I’m using Google Sketchup to create the plans for this house. I’ve watched hours of free tutorials on YouTube. I bought the 3-D mouse recommended in those videos, and I spent hours making basic 3-D models. The learning process was enjoyable because the results are real plans – there is a real reward for the effort. Plus, it was winter when I was learning this stuff, so I was hiding in my room and I needed something to keep me sane.
My plans are not finished. It seems a little crazy to start building the floor when you don’t know where the ceiling will go, but that’s part of the game. I’m a cowboy with a 5-pound box of screws.
My man, Karl, is not a cowboy: Karl is an experienced carpenter with a wealth of knowledge. Today, I got the opportunity to sit next to Karl on a couch and let him look at the plans I’ve made so far. I have a detailed 3-D model of the first floor of the house. Each of the rough openings for the windows and front door are present and accounted for. Each individual piece of lumber and plywood can be measured using the tape measure tool. This is a precise and easy to use program which renders intuitive plans and a way to visualize what it is that you’re making. It took plenty of effort to learn how to use Sketchup, and I would be totally lost without it.
I wanted Karl to look at my framing model to make sure the measurements were correct, and that I was using king studs and trimmers and headers correctly. I already confirmed all of this with my huge carpentry textbook from 1986, but it doesn’t hurt to have a second set of more experienced eyes on the model. It isn’t hard for me to imagine an overlooked detail.
Everything looked good. But the model was incomplete. The plan – or idea, I should say – calls for a loft for sleeping. I didn’t know where to put the joists. I had a few ideas from pictures and videos I’ve seen. I could work something out using my huge textbook. But I wanted to hear what Karl would say, since his experience would probably generate an immediate and workable option. I was surely correct about that. He pointed to where lumber should go, and I made that lumber appear on the screen and align itself properly.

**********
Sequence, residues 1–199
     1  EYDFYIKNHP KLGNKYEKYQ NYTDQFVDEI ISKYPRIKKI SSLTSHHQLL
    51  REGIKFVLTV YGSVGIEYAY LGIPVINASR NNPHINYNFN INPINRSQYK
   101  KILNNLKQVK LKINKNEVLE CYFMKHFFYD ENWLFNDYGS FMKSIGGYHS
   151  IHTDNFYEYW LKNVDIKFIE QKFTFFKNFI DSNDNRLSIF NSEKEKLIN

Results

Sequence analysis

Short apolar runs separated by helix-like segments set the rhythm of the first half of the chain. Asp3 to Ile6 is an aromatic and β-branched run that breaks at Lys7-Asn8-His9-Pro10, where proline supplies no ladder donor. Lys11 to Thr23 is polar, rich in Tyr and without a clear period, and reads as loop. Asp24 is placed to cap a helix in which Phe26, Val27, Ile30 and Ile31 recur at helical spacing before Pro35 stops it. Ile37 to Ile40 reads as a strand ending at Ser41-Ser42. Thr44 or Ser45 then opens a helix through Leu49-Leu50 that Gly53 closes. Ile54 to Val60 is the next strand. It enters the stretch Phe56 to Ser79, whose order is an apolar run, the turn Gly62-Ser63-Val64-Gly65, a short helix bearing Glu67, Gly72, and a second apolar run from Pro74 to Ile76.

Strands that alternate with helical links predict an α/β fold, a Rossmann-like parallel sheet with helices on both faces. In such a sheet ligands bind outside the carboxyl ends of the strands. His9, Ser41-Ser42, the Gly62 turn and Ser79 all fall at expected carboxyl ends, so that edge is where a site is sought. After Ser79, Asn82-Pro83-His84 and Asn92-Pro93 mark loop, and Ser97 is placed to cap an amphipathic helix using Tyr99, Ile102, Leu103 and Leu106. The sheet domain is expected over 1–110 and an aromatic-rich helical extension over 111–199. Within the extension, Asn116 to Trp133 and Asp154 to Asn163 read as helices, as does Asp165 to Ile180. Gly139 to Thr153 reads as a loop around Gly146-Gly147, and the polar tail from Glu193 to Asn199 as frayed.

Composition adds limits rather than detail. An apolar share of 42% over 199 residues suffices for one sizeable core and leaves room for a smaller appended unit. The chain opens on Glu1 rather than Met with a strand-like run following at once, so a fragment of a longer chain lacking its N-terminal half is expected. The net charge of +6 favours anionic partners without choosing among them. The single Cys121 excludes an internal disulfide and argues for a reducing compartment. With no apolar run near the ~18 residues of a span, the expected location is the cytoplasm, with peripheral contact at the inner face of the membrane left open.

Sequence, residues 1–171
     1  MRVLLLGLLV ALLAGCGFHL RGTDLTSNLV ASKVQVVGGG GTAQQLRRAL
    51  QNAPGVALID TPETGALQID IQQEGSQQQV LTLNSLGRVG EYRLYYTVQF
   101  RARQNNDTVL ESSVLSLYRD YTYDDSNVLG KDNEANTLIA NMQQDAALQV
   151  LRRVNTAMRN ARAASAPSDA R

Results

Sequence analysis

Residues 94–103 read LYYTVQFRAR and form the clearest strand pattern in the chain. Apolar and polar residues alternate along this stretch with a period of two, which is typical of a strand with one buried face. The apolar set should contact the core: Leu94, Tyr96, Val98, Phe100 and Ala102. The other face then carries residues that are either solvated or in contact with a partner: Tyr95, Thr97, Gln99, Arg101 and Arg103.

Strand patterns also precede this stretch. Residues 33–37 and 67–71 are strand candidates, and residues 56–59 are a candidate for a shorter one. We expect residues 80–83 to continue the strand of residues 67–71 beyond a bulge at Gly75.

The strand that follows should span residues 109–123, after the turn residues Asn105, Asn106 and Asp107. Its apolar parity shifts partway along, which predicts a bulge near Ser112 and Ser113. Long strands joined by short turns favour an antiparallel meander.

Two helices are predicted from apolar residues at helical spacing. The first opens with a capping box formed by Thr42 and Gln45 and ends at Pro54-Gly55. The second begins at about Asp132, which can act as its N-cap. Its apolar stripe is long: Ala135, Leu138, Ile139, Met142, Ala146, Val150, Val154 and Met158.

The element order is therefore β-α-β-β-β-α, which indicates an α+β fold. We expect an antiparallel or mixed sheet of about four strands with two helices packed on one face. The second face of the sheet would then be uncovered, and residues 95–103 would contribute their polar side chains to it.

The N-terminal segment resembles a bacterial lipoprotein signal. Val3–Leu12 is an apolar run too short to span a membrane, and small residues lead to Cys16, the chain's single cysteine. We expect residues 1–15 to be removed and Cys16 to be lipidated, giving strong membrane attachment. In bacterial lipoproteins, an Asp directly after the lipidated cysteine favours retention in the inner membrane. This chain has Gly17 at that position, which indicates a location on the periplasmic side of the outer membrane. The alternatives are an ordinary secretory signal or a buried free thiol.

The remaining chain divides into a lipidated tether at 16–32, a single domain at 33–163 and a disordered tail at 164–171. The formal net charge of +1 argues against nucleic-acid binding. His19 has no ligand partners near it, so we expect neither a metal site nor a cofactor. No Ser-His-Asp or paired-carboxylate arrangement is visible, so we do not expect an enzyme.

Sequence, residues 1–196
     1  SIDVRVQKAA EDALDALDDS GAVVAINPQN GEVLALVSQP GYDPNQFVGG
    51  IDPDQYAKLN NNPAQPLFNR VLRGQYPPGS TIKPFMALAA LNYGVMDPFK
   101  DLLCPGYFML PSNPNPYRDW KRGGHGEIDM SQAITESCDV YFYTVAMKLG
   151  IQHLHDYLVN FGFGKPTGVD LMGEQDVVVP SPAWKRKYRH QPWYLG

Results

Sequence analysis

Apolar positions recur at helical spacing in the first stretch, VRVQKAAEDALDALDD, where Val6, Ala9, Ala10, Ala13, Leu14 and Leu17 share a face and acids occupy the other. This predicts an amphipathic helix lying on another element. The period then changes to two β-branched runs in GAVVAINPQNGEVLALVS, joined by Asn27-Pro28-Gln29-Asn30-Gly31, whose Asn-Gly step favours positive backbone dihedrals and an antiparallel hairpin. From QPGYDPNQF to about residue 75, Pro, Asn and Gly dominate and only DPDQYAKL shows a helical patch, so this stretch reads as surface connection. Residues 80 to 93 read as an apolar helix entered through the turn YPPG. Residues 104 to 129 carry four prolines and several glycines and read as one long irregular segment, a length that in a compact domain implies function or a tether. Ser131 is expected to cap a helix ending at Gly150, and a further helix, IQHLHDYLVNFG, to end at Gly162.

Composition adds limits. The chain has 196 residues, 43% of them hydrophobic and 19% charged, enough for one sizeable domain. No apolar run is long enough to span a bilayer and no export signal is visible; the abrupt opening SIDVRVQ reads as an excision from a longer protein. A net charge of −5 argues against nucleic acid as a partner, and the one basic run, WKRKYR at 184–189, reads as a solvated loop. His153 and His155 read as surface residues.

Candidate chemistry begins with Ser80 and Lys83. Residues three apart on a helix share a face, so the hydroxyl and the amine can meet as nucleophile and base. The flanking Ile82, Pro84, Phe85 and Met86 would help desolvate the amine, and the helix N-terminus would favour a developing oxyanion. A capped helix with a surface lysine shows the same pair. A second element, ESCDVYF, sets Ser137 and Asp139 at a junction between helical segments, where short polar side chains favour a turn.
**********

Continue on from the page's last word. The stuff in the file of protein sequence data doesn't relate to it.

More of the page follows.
The model that I left with was much more complex than I had imagined – but exciting. The joists for the loft will sit on top of the double top plate around the perimeter of the first-floor framing. A second-story knee wall will be built around the loft framing, and this will provide three feet of headroom that I never dreamed of. I had always thought of the loft area as having just enough space to sleep under the gable roof – about 3’6″ of headroom at the peak. This plan seemed much more interesting.
So the house is getting taller. It will look less like a “shed,” but it will have more space. The modified design allows for much more character, which my heart has been silently begging for. The footprint is still tiny at 8’x12′, but now there will be a full 8′ of headroom on the first floor, and I can stand up straight in the center of the loft, too. It’s tall.
Making the tiny house taller than 13’6″ is one benefit of not being constrained by the legal permit-less dimensions of a house on a trailer. I’m excited to start building the walls.